MULTIPLE LIQUID CRYSTAL PHASES
Teresa E. Strzelecka
DNA packaging in vivo is very tight, with volume concentrations approaching 70% w/v in sperm heads, virus capsids and bacterial nucleoids1-3. The packaging mechanisms adopted may be related to the natural tendency of semi-rigid polymers to form liquid crystalline phases in concentrated solutions4-8. We find that DNA forms at least three distinct liquid crystalline phases at concentrations comparable to those in vivo, with phase transitions occurring over relatively narrow ranges of DNA concentration. A weakly birefringent, dynamic, `precholesteric' mesophase with microscopic textures intermediate between those of a nematic and a true cholesteric phase forms at the lowest concentrations required for phase separation. At slightly higher DNA concentrations, a second mesophase forms which is a strongly birefringent, well-ordered cholesteric phase with a concentration-dependent pitch varying from 2 to 10 µm. At the highest DNA concentrations, a phase forms which is two-dimensionally ordered and resembles smectic phases of thermotropic liquid crystals observed with small molecules.
Although specialized proteins are involved in many DNA packaging processes descriptions of mechanisms of DNA packaging must also consider the intrinsic tendency of the stiff DNA chain to fold when confined to a small volume. Stiff nonelectrolyte polymers form highly ordered, liquid crystalline phases above a critical concentration dependent on the persistence length4-8. Formation of nematic or cholesteric liquid crystalline phases by semi-rigid polymers, such as polybenzyl-L-glutamate, in organic solvents has been studied in detail7,8, and was predicted theoretically by Onsager4, Flory5,6 and others. Much less is known about the behavior of semi-rigid polyelectrolytes. Because DNA, fibrous proteins and certain polysaccharides are polyelectrolytes involved in numerous supramolecular associations in vivo, an understanding of the phase behavior of these biopolymers is of fundamental biological importance.
Ordering of semi-rigid polymers at high concentrations occurs spontaneously to minimize the macromolecular excluded volume4-8. Semi-rigid polyelectrolyte behavior is complicated by charge-shielding requirements. A strong polyelectrolyte is surrounded by a counterion layer, which determines the effective axial ratio and excluded volume9-13. Because polymer phase behavior depends on the effective polymer dimensions, the critical concentration for DNA ordering is a sensitive function if ionic strength and counterion type.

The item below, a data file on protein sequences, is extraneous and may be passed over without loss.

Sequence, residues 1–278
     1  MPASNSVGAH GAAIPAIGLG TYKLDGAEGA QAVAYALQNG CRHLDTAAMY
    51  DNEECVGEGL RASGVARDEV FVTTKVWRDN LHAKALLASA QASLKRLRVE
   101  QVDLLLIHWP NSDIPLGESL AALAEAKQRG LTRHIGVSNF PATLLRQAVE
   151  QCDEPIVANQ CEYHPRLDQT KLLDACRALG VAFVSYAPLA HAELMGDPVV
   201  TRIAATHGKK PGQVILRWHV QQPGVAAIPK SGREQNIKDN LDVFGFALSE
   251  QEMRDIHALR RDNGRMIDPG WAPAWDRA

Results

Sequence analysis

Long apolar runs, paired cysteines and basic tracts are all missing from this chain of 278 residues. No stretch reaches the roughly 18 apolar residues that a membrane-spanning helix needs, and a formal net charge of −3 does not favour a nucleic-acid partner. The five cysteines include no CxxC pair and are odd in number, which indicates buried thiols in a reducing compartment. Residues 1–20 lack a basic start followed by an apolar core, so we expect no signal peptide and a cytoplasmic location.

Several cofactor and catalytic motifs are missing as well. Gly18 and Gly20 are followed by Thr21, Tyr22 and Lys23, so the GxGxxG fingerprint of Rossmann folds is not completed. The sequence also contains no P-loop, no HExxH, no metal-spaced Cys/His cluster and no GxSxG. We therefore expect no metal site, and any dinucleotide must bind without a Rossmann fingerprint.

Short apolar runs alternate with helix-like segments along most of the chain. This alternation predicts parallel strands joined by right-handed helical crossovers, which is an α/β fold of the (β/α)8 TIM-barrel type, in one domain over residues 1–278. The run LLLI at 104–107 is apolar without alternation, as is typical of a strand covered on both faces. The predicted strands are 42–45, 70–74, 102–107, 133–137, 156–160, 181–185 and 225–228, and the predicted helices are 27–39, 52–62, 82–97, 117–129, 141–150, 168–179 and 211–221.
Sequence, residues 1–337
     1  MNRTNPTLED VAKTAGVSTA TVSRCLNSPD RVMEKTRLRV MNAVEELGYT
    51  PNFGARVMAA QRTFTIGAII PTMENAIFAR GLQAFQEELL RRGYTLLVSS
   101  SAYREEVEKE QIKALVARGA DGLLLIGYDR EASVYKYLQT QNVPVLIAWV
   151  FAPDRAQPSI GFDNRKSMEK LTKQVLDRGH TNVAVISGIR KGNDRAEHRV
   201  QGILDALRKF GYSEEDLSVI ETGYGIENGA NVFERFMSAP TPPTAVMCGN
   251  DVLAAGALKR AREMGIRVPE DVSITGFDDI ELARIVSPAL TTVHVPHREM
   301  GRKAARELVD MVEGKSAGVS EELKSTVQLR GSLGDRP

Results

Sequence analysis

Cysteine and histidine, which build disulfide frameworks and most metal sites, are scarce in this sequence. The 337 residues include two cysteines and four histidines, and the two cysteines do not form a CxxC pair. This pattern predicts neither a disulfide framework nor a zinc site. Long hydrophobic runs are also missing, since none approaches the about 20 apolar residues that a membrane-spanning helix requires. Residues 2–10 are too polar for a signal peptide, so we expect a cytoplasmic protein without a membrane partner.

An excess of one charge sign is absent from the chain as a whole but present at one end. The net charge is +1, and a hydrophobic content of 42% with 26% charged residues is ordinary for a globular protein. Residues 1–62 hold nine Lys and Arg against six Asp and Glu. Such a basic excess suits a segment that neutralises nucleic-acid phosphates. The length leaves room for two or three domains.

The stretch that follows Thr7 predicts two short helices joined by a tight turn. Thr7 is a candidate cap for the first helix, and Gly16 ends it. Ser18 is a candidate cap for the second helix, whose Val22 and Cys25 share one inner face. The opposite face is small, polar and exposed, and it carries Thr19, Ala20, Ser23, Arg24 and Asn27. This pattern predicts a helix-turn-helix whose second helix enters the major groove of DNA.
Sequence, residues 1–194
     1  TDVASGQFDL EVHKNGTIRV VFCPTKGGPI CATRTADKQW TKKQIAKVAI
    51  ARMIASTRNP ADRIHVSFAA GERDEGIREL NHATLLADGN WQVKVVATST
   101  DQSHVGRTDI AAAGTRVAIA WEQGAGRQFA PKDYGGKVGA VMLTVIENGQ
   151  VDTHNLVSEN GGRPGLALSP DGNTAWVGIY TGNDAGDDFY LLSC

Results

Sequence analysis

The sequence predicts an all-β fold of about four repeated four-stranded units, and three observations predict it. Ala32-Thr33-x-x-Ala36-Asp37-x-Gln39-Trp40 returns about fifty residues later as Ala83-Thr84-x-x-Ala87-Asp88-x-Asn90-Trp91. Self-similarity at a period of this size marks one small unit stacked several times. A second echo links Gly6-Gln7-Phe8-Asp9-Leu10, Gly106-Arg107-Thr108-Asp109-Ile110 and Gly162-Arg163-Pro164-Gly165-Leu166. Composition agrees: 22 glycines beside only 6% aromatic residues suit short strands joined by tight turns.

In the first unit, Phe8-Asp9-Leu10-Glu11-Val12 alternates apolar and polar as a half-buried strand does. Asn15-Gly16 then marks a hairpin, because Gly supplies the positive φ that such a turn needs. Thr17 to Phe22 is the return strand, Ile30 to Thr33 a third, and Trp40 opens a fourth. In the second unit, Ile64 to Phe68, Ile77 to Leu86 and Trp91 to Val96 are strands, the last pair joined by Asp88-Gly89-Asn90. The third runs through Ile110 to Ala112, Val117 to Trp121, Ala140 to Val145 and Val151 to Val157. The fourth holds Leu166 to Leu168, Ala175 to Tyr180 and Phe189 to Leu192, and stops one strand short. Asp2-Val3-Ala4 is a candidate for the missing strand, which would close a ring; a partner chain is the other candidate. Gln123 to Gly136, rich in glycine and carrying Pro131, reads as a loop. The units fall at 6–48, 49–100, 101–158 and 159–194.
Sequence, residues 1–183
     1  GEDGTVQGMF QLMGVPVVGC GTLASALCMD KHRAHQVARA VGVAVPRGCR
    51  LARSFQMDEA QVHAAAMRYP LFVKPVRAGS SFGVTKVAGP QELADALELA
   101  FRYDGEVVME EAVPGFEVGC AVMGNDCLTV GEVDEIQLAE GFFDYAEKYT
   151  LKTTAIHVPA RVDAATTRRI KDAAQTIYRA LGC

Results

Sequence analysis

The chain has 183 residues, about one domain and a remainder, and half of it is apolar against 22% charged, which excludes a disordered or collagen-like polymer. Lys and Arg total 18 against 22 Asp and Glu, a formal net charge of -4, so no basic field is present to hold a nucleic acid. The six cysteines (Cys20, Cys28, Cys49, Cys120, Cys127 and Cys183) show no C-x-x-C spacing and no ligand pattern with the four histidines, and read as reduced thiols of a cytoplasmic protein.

Previous studies demonstrated that aqueous solutions of persistence length DNA (~500 Å), with 0.3 M NaCl as the supporting electrolyte, form biphasic liquid crystalline solutions containing spherulites at DNA concentrations (CDs) of 130-170 mg DNA ml-1 at room temperature, and become fully liquid crystalline at higher CD (refs 14-16). Phase transition boundaries were in good agreement with predicted rigid rod behavior when DNA was treated as a scaled rod with an effective radius of 21.5 Å at this ionic strength16. Here we report the phase behavior when DNA solutions over a range of CDs from 100 to 350 mg DNA ml-1, as determined by solid-state 31P NMR spectroscopy, polarized light microscopy and by electron microscopy.
Solutions showed a uniform liquid crystalline phase at CDs from 170 to 220 mg ml-1. A CD of 170-mg ml-1 corresponds to an effective DNA volume fraction of 0.76, assuming 21.5 Å for the effective DNA radius16. Extrapolation to higher CDs yields an apparent effective volume fraction > 1.0 for CDs exceeding ~230 mg ml-1. As DNA solutions were prepared with CDs over 300-mg ml-1, there must be mechanisms for reducing the effective DNA volume fraction.
Three potential mechanisms for reducing the effective DNA volume are evident: (1) a change to a more ordered phase, (2) a contraction of the counterion layer, or (3) a change in DNA confirmation/hydration. A phase change above CDs of 220-mg ml-1 was indicated by a change in 31P resonance linewidth and shape(Fig. 1). At lower CDs, in the biphasic region, the resonance linewidth increased progressively with CD until the solution became fully liquid-crystalline, then dramatically sharpened. Concurrently, the lineshape changed from lorenzian to an asymmetric form excepted from an aligned sample with some rotational averaging. Magnetic alignment of liquid crystalline DNA phases with the long molecular axes perpendicular to the field was reported eviously16,17.
Magnetic alignment of the mesophase in a biphasic solution is prevented because surface tension restricts the mesophase to spherulites in which DNA molecules are oriented tangentially to the spherical surface18. By analogy, we attribute lineshape changes at CDs slightly above 220-mg ml-1 to formation of a biphasic solution in which two liquid-crystalline phases coexist. Magnetic alignment may be ineffective because of dynamic exchange of molecules between phases with different alignment properties. This conclusion was enforced by the behavior at yet higher CDs (Fig 1). The resonance remained broad at CDs from 229 to 240 mg ml-1, then narrowed again at CDs of 250 and 275-mg ml-1, suggesting formation of a second uniform, aligned phase. Resonance broadening indicative of another phase transition was again observed at a CD of 309-mg ml-1.